It feels like I’ve been here for years, but I am almost exactly half way through my years contract. I’ve developed a pomegranate juice addiction- I find the whole process of picking out the pieces from the fruit very relaxing and the resulting small volume of juice generated (at least half an hour later) is both delicious and moreish. Interesting weather fact – one morning this week it was -14C when I got to work, but by mid afternoon it was +10C, a change of 24 degrees in one day.

My road in the cold.

Back to Surreality

January 10th, 2011 by Maeve Lalor

Tonight, I walked home from work in arctic conditions (-15C), clad in my balaclava it was difficult to breath. At first through my nose, but it felt like the contents were freezing…then through my mouth and my teeth began to hurt like I was eating ice cream. It’s a different kind of cold than I’ve felt before as it’s so dry here. The ground is sandy and dry, so it doesn’t freeze, you can still kick the soil and there’s very little ice- only where a pipe has burst. I arrived on my road, and hundreds of crows were swooping overhead, making a tonne of noise. They occasionally land in the trees, but then all through the night they take to flight, it must be too cold for them to stay still. Why they choose to stay in Nukus with these conditions is a mystery!

Birds flying to keep warm outside my house!

I’m trying to learn Russian- I love it! It’s much harder than any language I’ve ever come across before. It took me weeks to master the alphabet, and although I now understand more and more, I haven’t got enough confidence to speak it very much yet. The complexity, particularly the grammar can take over completely and that’s not too fun. My new project is to translate “The Little Prince” in the next seven months I have here.  90 pages, a page every second day…. Feasible I thought. Tonight it took me an hour to read three quarters of a page with the help of my teacher! But at least I now know the word for a Boa snake. Watch this space.

Home for Christmas

January 8th, 2011 by Maeve Lalor

The excitement built up towards the end of December as I went home for Christmas! I couldn’t wait to see my family and friends, eat a Christmas goose and relax with all the home comforts. It was touch and go whether I would get home at all, Dublin airport teetering between open and closed with all the snow. But I made it home despite my flight being re-directed to Manchester, and then the plane getting struck by lightning on the eventual landing in icy Dublin airport (didn’t do my fear of flying any favours!).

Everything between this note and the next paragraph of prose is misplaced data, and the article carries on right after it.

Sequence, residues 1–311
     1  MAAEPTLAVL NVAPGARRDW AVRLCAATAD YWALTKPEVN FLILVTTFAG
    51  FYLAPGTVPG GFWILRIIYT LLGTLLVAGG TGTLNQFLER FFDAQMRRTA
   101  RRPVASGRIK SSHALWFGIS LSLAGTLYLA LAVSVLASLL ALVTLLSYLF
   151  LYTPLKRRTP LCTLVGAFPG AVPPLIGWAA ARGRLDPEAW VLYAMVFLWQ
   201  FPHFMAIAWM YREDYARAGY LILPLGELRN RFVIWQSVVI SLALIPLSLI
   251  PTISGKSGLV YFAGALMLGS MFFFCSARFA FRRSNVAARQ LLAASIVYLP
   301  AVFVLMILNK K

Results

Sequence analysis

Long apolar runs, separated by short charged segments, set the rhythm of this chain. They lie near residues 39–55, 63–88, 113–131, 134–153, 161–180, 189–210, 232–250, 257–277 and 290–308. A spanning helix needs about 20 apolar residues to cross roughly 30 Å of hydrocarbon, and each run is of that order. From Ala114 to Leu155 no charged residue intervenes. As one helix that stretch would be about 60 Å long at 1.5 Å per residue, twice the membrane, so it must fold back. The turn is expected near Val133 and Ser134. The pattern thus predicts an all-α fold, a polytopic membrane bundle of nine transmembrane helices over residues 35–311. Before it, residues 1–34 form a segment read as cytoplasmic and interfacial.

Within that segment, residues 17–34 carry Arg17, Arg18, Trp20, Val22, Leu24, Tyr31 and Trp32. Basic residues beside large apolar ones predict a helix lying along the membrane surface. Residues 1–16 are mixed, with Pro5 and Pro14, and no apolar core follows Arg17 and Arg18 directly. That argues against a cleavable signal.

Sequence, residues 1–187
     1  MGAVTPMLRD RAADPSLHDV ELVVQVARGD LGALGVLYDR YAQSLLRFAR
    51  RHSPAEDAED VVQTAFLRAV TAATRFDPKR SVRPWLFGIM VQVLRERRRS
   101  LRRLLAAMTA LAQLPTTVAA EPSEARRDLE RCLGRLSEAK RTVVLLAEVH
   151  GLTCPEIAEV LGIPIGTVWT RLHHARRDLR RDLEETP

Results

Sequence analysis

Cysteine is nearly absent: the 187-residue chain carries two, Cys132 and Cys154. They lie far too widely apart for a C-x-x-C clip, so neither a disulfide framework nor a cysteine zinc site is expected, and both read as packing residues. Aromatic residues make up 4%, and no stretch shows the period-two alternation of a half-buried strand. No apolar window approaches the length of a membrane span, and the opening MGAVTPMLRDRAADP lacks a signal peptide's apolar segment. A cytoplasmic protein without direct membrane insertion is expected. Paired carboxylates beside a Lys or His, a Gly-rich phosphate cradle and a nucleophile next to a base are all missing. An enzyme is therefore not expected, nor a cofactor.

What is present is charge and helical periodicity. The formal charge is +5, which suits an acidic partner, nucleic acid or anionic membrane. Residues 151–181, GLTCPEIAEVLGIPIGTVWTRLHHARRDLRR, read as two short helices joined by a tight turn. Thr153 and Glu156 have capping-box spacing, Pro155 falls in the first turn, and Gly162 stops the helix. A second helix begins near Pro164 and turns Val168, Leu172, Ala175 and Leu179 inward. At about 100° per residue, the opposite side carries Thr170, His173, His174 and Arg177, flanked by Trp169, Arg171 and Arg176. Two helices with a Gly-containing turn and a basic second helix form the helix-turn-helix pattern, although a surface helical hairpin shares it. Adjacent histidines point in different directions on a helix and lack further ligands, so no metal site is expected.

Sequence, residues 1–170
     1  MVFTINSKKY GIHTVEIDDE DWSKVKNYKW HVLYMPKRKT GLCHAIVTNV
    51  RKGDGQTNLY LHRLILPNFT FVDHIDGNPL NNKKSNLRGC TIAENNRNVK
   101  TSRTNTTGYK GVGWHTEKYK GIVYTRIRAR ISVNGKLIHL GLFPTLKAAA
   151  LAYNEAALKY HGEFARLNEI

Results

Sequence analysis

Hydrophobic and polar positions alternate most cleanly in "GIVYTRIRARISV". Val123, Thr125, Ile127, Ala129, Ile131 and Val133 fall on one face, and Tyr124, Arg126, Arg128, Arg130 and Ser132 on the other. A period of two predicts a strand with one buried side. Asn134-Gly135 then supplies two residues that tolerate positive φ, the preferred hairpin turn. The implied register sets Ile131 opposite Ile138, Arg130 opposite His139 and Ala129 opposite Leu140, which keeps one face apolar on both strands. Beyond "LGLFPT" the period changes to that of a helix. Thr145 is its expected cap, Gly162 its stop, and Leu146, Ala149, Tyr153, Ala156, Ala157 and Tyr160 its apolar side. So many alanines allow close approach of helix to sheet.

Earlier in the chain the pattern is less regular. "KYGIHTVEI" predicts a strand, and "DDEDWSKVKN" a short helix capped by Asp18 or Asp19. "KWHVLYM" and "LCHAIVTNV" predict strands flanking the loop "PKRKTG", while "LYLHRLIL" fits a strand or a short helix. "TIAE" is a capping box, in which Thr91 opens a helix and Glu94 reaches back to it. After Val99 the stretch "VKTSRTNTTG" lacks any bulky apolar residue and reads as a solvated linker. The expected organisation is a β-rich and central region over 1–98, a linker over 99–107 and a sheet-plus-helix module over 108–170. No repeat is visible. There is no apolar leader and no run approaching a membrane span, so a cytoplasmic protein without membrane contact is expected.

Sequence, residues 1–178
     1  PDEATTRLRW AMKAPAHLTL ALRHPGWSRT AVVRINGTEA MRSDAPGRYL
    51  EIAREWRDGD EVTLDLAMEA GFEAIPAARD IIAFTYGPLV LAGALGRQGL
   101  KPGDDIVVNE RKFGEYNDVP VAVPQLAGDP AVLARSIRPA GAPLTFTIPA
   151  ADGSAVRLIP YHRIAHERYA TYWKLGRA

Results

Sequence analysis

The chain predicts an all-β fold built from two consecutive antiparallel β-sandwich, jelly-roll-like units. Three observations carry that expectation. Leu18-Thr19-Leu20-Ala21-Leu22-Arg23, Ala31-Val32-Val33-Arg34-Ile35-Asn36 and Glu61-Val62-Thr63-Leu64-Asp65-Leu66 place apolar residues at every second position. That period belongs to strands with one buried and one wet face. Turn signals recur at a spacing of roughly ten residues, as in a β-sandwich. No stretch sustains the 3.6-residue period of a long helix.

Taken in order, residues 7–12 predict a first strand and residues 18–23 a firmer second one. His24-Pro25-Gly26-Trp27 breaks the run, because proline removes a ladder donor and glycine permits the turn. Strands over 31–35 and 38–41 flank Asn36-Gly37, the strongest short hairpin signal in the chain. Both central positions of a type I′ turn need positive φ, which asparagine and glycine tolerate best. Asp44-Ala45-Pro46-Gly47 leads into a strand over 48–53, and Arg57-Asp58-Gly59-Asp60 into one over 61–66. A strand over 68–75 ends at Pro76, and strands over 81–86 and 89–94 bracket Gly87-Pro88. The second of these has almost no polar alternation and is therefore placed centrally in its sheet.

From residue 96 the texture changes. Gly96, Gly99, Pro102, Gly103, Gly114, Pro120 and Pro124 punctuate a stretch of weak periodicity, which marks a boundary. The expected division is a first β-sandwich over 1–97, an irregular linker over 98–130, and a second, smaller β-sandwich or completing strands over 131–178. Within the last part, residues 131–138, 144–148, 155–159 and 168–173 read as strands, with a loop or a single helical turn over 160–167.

Coming back to Uzbekistan after Christmas , I felt much less nervous than I had when I first arrived. I knew what I was going back to and I was eager to get my teeth back into the mountain of work I knew would await my return. The contrast between the green grass, wild seas and extremely chatty Irish people with life in Nukus is even more noticeable than it was before.


December 3rd, 2010 by Maeve Lalor

This may be a good time to stop, think and reflect. This past month has been a very difficult one for our project both on a personal and professional level. One of our dear colleagues passed away most unexpectedly after a heart attack. He worked as part of the team for the last ten years, and in the short time I worked closely with him it was clear he was unique: positive, funny, skilled, dedicated and experienced. We miss him and the epi team is reminded of what an asset he was everyday when our database experiences another hiccough.

Our project has an ambitious vision to provide comprehensive TB care for all in Karakalpakstan and as a result we are in transition. All at the same time we are handing over some of our operations to the Ministry of Health, changing our targeted population to include sensitive TB as well as drug resistant patients, changing our model of care to treat patients in ambulatory care from day 1, rather than in hospital and finally, planning our further expansion to new districts. It’s a lot of changes all at once- not surprisingly an air of confusion descended on our project this month!

The epi team’s current challenge is to implement the new data system. The epi dream team consists of 5 people. The fabulous Data Manager-Sholpan who has been here since the beginning and knows all the interesting and complex patients by number. Gaukhar- the very dedicated assistant data manager who collects the data from the clinics and without whom there would be no data. Azat- proving to be an excellent detective, collecting data in our new districts and figuring out the sensitive patient system. And Ulyana, the Lab Database manager who meticulously enters and reports the many, many laboratory results produced each month.

The epi team

Here in Nukus, the process of winterisation has begun. The gas pressure has been increased, the vines have been buried in the ground to hibernate until next year, and the windows are being covered with plastic sheeting. Outside, during the day it is bright, sunny and crisp, while inside it is dark, hot and airless! I’m sure then when it finally reaches -30C I will understand why “winterisation” is needed!

I’m hoping for easier times to come, but I suspect this mission is going to be complex all the way through…


October 19th, 2010 by Maeve Lalor

“You’re going where?”

“Uzbekistan”, I repeat.